The Symptom Is Not the Problem
by Bernadette Jiwa
Georgina owns and operates a specialty gluten-free food store in Brisbane and like many retailers she’s experiencing a problem. Increasingly people are coming to browse but not to buy. The perception is that if I can get it cheaper or faster online why would I make the trip to your store?
So Georgina has resorted to charging customers a $5 fee to look because she’s tired of people just coming in for advice and then leaving to buy from supermarkets or online stores. I feel her pain and her desperation but I doubt that this will solve her problem.
The reason bricks and mortar stores are closing left and right has everything to do with the perception of price over value. Customers are no longer willing to drive across town to your store, find a parking spot and browse your shelves in the hope that you have the very thing they wanted in stock. They are not going to make a trip just to complete a transaction because they don’t have to.
The value of bricks and mortar stores was that they were the only places to get the thing you wanted. When you can get that thing in two clicks of a mouse where does the value lie?
It lies in the potential of the interaction. The way you make customers feel. In being generous. In finding ways to give people more than you put in their shopping bag. So much more that it’s worth the effort to come back, not for the gluten-free flour or a paperback but for the connection with you and the story they can tell themselves.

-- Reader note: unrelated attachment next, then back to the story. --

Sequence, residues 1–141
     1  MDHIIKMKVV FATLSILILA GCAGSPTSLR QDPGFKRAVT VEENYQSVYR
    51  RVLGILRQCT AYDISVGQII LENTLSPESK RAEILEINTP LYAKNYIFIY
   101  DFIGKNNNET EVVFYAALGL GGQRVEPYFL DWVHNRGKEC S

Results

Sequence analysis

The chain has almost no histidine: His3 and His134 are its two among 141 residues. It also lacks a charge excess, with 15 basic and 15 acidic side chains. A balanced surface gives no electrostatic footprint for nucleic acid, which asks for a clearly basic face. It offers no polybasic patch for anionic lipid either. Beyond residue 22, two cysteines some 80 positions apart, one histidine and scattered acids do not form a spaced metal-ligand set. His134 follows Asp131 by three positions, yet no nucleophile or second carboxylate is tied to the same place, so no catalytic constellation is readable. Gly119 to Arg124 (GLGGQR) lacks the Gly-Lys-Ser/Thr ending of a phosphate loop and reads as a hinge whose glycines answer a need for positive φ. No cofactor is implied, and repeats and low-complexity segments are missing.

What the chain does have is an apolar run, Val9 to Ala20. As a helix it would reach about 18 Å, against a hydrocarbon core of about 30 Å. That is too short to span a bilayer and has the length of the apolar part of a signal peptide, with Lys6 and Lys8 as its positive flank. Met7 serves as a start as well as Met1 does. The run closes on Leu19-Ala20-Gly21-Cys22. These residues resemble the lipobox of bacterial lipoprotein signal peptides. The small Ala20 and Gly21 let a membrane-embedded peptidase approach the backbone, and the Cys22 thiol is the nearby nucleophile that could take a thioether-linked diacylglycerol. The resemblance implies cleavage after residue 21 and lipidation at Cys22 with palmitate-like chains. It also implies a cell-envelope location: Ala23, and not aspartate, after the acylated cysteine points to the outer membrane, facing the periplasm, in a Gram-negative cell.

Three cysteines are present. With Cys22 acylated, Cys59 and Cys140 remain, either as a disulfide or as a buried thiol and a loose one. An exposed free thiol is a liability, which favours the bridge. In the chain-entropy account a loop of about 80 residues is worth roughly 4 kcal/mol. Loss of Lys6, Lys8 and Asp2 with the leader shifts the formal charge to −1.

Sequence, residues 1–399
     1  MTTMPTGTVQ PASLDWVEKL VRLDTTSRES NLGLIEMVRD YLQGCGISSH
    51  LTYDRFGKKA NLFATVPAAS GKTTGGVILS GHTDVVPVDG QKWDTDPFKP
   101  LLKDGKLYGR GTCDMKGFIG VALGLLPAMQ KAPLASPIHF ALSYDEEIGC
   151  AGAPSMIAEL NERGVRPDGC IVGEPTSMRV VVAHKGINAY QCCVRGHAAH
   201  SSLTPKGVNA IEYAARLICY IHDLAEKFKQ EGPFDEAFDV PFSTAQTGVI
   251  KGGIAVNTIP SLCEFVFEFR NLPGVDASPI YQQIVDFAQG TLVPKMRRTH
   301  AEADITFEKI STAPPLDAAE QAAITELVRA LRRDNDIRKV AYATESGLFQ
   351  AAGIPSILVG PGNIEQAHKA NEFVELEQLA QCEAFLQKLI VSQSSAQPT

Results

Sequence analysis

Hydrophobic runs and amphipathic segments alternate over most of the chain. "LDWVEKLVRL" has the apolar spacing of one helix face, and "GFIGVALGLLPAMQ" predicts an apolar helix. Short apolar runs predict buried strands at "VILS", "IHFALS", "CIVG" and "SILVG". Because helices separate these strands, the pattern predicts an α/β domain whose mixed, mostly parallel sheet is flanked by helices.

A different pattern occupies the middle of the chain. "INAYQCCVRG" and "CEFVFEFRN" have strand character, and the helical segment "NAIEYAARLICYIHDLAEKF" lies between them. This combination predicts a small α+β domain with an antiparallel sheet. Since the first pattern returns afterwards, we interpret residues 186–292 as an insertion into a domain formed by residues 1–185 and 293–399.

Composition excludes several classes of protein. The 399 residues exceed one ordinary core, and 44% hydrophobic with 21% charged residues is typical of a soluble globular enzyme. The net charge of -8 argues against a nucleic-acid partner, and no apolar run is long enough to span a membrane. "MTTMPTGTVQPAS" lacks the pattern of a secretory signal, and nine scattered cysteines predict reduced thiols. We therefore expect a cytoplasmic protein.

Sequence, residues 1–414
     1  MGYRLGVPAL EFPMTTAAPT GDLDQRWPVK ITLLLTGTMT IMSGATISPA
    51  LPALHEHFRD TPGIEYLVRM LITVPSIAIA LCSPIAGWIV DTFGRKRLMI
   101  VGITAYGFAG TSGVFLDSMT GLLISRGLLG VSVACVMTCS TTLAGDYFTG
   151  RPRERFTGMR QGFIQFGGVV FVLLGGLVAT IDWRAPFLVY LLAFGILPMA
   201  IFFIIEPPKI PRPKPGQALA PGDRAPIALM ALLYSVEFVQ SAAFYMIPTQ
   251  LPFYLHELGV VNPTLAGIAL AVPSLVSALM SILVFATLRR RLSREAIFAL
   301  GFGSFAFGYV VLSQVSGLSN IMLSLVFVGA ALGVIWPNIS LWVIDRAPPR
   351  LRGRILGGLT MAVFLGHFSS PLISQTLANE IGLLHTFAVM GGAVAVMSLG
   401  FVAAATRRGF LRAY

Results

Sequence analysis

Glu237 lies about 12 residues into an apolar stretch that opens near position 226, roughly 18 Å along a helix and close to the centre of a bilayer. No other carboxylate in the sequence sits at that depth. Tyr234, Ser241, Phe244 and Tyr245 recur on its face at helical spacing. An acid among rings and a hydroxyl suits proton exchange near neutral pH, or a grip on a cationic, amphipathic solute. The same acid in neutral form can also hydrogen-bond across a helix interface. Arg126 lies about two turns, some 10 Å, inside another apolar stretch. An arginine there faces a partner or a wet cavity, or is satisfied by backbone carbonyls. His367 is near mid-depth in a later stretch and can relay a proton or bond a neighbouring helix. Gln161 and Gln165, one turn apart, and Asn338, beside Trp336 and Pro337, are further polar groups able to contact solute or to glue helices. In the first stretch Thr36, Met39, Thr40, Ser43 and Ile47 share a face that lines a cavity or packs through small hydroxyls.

The retail stores that are dying are trying to sell something (anything!) to everyone instead of finding the people they can delight. The people who aren’t just looking for a bargain. The ones who want something to believe in and who will cross town to pay more if they have to because you touched them.
The businesses that survive won’t have more shelf space and cheaper prices, or even rules to discourage customers from coming in to engage. They are the ones who can work out a way to capitalise on the things the big guys can’t and won’t do.
What’s killing retail isn’t the world wide web, it’s that retailers forgot about creating meaning while they sold commodities. The solution is not to punish people for having a choice. It’s to be the better choice.
More at: thestoryoftelling.com